UAE Seen Allowing Full Short Selling Of Stocks As Money Flows In - Gulf Business
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UAE Seen Allowing Full Short Selling Of Stocks As Money Flows In

UAE Seen Allowing Full Short Selling Of Stocks As Money Flows In

The UAE’s market regulator, the Securities and Commodities Authority, has been liberalising securities rules since 2012.

The United Arab Emirates (UAE) is likely to allow fully-fledged short selling of securities when it implements new trading rules in the coming months, local traders and fund managers said, in a move to encourage more money into its markets.

The UAE’s market regulator, the Securities and Commodities Authority (SCA), has been liberalising securities rules since 2012, partly to secure an upgrade in its status to “emerging” from “frontier” market by equity benchmark provider MSCI, which is expected to trigger billions of dollars of foreign inflows.

But the main exchanges in Dubai and Abu Dhabi have been slow to change, in part due to concern about causing instability.

In January, the Dubai Financial Market (DFM), which takes its cue from the SCA, issued rules that permit lending and borrowing of securities. Approved agents had to be involved, it said, which seemed to stop short of allowing full short selling.

However, traders and fund managers said they did not think short selling would be limited to just the agents’ own books.

“Designated market makers would enable short selling and in that respect theoretically should also be able to do so for their clients,” said Amer Khan, senior executive officer at Dubai-based Shuaa Asset Management.

“It’s not clear at this stage if that is so and it remains to be seen precisely how the regulation is implemented.”

A trader at a Dubai-based brokerage, who could not be named under briefing rules, was more assertive: “Once they implement it and stock lending and borrowing is available then definitely you can go short selling for clients, not only for books.”

The SCA had no immediate comment when approached by Reuters.

Short selling involves borrowing stocks and selling them, with the hope of buying them back at a lower price and making a profit. While blamed by critics for causing volatility, supporters see it as a vital way of increasing trading volumes, and thereby making markets more liquid and efficient.

National Bank of Abu Dhabi (NBAD), the UAE’s top lender by assets and the first local bank to receive the market-making licence that allows short selling in April, is now taking steps to implement bourse regulations on short selling.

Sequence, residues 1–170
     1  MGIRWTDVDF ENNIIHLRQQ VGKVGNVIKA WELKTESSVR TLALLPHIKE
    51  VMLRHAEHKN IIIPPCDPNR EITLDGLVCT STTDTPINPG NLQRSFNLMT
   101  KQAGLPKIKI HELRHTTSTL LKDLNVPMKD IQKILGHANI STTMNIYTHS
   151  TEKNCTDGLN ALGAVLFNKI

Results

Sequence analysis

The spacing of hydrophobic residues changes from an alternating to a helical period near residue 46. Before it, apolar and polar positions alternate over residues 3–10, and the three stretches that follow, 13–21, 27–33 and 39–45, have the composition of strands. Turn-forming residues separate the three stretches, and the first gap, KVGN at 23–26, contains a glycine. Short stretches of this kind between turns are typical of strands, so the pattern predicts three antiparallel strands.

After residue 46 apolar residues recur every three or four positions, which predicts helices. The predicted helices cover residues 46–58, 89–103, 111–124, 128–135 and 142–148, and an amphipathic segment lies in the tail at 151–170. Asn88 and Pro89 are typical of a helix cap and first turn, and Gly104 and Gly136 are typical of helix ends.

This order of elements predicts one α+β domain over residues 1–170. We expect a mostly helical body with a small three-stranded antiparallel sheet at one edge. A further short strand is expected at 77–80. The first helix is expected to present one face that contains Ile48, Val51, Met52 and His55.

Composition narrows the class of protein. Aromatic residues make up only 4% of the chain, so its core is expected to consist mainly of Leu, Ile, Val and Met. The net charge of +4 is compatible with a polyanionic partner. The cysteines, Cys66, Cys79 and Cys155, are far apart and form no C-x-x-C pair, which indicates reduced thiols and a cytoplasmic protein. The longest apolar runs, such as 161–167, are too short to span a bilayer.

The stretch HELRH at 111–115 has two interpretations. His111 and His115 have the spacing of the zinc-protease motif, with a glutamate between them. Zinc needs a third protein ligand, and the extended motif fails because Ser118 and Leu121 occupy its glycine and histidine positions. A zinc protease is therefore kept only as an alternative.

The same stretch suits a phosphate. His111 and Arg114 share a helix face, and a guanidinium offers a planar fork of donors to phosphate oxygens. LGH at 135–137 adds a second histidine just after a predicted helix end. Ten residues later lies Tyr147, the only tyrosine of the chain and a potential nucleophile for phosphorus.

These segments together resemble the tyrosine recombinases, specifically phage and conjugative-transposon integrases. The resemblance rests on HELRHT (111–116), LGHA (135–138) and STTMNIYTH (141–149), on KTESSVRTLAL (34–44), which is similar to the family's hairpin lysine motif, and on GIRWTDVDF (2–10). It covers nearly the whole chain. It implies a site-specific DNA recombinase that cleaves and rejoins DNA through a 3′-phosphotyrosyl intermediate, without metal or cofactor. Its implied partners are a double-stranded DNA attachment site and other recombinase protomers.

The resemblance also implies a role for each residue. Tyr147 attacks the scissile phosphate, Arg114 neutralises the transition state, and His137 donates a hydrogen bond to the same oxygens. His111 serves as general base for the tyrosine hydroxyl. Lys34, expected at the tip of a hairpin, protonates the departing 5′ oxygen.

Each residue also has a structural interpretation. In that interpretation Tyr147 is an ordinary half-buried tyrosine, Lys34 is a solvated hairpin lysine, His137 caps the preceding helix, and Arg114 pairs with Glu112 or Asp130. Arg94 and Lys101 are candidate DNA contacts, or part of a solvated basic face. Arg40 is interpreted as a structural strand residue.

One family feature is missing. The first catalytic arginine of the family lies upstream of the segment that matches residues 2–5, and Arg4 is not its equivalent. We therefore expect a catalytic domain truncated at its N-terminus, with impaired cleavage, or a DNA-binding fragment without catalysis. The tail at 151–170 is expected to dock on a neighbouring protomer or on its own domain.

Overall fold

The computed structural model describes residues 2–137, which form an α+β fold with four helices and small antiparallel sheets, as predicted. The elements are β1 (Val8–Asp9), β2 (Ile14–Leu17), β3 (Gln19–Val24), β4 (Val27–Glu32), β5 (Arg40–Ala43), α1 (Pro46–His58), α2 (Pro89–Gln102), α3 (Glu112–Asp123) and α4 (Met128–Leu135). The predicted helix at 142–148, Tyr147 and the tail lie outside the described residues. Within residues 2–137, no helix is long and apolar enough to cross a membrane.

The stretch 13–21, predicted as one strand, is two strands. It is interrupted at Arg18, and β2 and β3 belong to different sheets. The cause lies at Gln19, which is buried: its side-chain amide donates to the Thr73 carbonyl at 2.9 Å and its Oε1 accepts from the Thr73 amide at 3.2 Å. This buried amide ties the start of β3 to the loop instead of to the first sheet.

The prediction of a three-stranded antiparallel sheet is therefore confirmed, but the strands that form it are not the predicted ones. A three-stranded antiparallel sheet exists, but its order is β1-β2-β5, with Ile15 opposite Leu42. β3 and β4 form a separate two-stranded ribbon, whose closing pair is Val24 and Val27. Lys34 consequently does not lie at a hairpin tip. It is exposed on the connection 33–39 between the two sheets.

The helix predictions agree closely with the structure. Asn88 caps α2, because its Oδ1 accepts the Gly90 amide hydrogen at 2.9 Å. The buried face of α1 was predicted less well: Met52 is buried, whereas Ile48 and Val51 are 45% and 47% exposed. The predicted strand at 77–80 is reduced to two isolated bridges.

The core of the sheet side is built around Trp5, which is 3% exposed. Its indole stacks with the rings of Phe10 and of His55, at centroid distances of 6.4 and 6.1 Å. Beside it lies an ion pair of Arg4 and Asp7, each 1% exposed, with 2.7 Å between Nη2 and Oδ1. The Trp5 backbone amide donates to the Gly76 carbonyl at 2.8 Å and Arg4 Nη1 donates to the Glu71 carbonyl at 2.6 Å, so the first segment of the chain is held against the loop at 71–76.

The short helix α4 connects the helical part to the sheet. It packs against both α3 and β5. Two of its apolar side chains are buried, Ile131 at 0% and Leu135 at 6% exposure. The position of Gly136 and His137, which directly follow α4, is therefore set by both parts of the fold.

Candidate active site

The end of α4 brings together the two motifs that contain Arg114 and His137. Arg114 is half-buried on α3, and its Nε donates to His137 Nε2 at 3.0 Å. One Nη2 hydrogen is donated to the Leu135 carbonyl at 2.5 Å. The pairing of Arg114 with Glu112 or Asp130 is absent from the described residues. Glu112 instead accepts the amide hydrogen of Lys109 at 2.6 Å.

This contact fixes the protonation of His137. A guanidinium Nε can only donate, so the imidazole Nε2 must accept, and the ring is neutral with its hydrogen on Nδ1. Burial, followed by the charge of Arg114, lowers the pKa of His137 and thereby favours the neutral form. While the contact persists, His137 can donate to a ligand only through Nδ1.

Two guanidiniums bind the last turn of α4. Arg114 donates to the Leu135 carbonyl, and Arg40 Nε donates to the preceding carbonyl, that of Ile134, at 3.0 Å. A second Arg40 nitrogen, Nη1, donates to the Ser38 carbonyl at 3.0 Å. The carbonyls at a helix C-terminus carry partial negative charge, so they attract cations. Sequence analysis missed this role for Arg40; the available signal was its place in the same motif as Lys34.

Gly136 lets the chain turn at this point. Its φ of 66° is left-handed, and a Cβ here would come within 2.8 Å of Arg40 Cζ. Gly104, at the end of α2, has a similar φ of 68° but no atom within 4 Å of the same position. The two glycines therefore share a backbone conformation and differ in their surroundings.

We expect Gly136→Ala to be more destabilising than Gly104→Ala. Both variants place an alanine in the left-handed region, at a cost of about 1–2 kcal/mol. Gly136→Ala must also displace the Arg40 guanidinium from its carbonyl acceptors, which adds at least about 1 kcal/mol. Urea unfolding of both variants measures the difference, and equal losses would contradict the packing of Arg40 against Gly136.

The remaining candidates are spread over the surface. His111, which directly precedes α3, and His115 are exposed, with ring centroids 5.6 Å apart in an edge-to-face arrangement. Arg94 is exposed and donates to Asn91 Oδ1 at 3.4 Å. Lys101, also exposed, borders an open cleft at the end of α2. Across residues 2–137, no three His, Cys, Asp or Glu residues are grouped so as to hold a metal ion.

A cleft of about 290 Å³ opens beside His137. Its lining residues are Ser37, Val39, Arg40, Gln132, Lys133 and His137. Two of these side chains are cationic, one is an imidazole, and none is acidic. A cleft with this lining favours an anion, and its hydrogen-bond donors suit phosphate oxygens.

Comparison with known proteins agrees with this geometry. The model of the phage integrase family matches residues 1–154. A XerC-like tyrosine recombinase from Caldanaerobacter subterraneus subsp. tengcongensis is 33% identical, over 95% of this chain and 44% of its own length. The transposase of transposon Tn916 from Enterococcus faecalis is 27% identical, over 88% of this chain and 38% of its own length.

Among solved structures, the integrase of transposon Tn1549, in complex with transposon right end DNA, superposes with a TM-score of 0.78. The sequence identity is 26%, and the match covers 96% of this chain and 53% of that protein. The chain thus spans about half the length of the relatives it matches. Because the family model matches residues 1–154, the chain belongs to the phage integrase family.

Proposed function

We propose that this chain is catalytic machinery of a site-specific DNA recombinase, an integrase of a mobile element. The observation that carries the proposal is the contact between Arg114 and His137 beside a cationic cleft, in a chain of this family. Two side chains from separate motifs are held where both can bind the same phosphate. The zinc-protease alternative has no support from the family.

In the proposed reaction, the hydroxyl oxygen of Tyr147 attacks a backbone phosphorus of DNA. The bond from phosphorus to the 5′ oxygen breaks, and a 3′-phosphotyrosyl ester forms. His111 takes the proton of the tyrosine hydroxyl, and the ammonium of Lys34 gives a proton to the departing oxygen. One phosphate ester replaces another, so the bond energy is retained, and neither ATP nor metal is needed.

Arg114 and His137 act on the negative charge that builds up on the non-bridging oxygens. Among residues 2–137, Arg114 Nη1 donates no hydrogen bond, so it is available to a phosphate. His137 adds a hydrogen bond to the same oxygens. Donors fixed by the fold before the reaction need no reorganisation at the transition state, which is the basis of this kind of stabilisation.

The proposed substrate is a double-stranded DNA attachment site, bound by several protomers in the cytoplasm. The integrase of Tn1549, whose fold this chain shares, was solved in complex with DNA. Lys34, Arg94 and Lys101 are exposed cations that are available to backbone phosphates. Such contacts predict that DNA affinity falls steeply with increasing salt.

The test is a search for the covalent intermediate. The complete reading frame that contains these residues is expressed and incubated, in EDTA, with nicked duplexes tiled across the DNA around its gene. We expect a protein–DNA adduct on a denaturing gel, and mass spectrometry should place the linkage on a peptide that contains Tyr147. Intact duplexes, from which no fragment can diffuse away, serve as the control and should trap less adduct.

“We are in the process of putting down the mechanics how this actually happens so when we launch our market making at the end of the third quarter we can hedge our positions subject to any other regulatory approvals,” Galen Moore, head of market making at NBAD, told Reuters. He declined to comment on whether the bank would also be able to short sell for clients.

So far, international banks have provided some customers with products allowing them to go short on UAE stocks, but these were not accessible to all investors, said the trader speaking on condition of anonymity. “Now, there will be more equality in the market when everyone has access to everything,” he said.


Boosting liquidity would help to make investing in the UAE less risky, and could draw in money to help its oil-fuelled economy develop.

“Some stocks perhaps do not need liquidity … but when you go down and look at how many stocks actually trade in the market, 10 stocks count for 80 per cent of the volume,” NBAD’s Moore said.

Trading on UAE stock markets plunged along with equity prices from late 2008 as Dubai’s debt crisis and a housing crash spooked both local and international investors, which caused many brokerages to close or scale back their operations.

But the markets have made a swaggering revival over the past 12 months, with Dubai’s DFM stock index now trading at a near-six year high, while Abu Dhabi’s ADX is at its highest level since 2006.

In Dubai, the value of traded securities jumped 429 per cent to Dhs110 billion ($30 billion) in the first quarter.

However, in Dubai and Abu Dhabi combined, 55 of the 92 listed stocks account for less than one per cent of the traded volume. Five stocks have a market capitalisation greater than Dhs5 billion but trade less than Dhs1 million a day.

On NASDAQ Dubai, the only exchange in the UAE offering derivatives in addition to stocks and bonds, that trading activity has dried up in recent years as market makers were unable to hedge their exposure.

As the new trading rules are implemented over time, they have the potential to revive the stalled derivatives market, which offers index and single stock futures and options.

“By introducing the concept of short selling, institutions will now have access to additional derivative instruments that can be used for risk management purposes that were not previously available,” NBAD’s Moore said.

“If you are market maker on NASDAQ Dubai and you are a market maker on DFM and ADX then you can effectively hedge your derivatives positions on ADX and DFM,” he said.

Shuaa Asset Management’s Khan said the UAE’s upgrade to emerging market status by MSCI in May, and S&P Dow Jones Indices in September, made implementing the new rules a priority to capitalise on an expected influx of foreign money.

“We wouldn’t be surprised to see implementation over the coming two or three quarters,” he said.


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